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Researchers from the Institute of Environmental Medicine at Karolinska Institutet have found that low influence and opportunities for development at work (job control) and heavy physical workload are important explanatory factors for educational disparities in all-cause and heart disease mortality.

The study is published in Scandinavian Journal of Work, Environment, and Health.
Educational disparities in mortality are well known, but the mechanisms are not fully understood. This study was able to account for a large variety of factors in youth which could potentially explain selection into education and occupation and later health outcomes.
First author Melody Almroth, researcher at the Institute of Environmental Medicine, explains, “Even after considering a wide range of sociodemographic, behavioral, and health related factors, poor working conditions were important in explaining educational disparities in mortality.”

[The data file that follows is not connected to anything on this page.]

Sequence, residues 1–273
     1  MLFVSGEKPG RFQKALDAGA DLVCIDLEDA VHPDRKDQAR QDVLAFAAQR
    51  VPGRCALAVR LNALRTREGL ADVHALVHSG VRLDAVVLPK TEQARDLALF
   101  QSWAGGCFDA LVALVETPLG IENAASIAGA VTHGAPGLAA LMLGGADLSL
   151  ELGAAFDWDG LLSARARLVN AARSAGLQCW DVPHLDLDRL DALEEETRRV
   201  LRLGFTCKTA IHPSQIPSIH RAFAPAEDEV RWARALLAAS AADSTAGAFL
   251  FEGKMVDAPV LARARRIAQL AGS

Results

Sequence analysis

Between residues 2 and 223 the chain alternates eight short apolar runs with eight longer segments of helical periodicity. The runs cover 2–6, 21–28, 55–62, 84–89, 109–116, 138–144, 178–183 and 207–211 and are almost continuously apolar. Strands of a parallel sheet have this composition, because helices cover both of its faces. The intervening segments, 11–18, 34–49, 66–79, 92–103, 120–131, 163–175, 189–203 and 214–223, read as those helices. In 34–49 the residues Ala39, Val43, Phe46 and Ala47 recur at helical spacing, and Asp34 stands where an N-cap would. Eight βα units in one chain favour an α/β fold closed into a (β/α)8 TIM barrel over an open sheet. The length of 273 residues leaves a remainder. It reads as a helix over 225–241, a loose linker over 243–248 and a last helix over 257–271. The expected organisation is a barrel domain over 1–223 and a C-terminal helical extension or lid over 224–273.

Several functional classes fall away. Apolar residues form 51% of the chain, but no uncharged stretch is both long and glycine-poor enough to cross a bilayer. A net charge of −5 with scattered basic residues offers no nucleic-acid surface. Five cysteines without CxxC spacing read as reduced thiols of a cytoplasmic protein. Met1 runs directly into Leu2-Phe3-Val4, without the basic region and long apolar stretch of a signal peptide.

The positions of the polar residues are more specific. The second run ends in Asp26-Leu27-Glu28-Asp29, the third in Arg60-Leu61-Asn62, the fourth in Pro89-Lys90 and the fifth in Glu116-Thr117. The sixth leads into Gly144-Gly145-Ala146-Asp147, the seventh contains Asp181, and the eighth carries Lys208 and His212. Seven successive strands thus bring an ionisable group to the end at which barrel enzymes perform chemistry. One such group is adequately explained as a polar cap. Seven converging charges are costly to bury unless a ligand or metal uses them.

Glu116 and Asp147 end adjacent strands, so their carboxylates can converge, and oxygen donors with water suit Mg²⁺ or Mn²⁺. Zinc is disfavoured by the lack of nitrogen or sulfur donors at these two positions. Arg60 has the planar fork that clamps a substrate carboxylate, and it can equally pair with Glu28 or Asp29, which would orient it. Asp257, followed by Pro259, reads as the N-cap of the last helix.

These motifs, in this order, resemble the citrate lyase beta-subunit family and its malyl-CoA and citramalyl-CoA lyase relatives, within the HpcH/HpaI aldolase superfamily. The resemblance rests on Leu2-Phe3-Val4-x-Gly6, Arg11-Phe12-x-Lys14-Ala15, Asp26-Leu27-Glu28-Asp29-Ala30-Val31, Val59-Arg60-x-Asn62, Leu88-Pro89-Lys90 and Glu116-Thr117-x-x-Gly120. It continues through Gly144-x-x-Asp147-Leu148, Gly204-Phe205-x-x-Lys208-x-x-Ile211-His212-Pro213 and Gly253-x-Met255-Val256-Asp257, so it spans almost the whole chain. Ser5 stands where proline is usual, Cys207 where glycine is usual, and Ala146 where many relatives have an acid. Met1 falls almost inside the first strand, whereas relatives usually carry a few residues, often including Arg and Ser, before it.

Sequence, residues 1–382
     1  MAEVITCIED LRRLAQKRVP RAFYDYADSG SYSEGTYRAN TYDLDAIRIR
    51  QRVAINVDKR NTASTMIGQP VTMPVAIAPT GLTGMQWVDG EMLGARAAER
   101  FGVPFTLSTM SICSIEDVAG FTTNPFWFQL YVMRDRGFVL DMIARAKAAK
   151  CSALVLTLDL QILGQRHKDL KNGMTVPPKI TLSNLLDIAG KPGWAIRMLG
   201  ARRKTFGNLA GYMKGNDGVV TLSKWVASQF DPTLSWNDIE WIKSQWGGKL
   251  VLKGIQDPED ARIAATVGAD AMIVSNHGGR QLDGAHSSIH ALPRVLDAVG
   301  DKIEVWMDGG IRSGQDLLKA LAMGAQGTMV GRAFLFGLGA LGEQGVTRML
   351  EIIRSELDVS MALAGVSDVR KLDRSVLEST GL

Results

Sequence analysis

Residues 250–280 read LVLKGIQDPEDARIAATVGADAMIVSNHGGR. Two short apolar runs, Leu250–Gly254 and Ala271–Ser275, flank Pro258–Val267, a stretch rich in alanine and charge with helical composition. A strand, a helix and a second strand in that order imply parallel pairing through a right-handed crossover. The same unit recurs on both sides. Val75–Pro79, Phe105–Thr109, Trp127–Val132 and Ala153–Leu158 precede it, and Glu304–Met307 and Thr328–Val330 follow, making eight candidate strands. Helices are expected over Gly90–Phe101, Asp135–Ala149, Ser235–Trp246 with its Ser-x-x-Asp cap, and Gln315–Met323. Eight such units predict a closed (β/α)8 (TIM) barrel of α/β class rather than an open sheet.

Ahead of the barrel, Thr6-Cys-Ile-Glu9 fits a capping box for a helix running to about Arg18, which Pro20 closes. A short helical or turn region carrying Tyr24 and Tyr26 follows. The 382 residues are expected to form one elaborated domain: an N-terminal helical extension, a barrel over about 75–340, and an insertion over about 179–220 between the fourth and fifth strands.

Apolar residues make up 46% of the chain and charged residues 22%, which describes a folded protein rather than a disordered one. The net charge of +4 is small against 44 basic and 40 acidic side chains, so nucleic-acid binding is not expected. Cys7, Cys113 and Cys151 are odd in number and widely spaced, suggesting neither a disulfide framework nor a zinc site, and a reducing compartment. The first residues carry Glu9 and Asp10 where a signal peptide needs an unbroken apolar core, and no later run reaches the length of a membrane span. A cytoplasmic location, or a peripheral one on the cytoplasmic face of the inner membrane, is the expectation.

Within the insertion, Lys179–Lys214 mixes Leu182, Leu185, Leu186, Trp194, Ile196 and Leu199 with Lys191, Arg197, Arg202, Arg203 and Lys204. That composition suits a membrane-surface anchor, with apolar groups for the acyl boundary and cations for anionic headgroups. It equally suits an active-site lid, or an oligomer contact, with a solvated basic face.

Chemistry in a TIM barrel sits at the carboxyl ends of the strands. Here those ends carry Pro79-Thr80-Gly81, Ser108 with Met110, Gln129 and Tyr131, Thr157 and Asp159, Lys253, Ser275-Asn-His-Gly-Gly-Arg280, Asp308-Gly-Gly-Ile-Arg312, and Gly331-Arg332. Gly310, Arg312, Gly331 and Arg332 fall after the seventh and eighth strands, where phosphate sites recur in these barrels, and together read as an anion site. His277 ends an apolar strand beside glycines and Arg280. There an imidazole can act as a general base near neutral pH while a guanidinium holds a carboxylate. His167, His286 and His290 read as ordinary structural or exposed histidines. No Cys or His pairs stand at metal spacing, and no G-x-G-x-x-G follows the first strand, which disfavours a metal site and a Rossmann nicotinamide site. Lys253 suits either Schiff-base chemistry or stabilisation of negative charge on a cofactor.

The study was based on a cohort of 46,565 men who were conscripted into the Swedish military around age 18 in 1969/1970. These individuals were tracked over time with regard to all-cause and heart disease mortality. Using regression models, the researchers estimated educational differences in mortality and the explanatory roll of different factors. The change in hazard ratio (HR) after adjusting for physical workload and job control around age 55 highlighted the impact of these working conditions.
“The results show us that increasing job control and reducing physical workload could reduce deaths and improve educational inequalities,” says Melody Almroth.

More information:
Melody Almroth et al, The role of working conditions in educational differences in all-cause and ischemic heart disease mortality among Swedish men, Scandinavian Journal of Work, Environment & Health (2024). DOI: 10.5271/sjweh.4158

Provided by
Karolinska Institutet

Working conditions can explain educational differences in heart disease mortality (2024, April 10)
retrieved 10 April 2024

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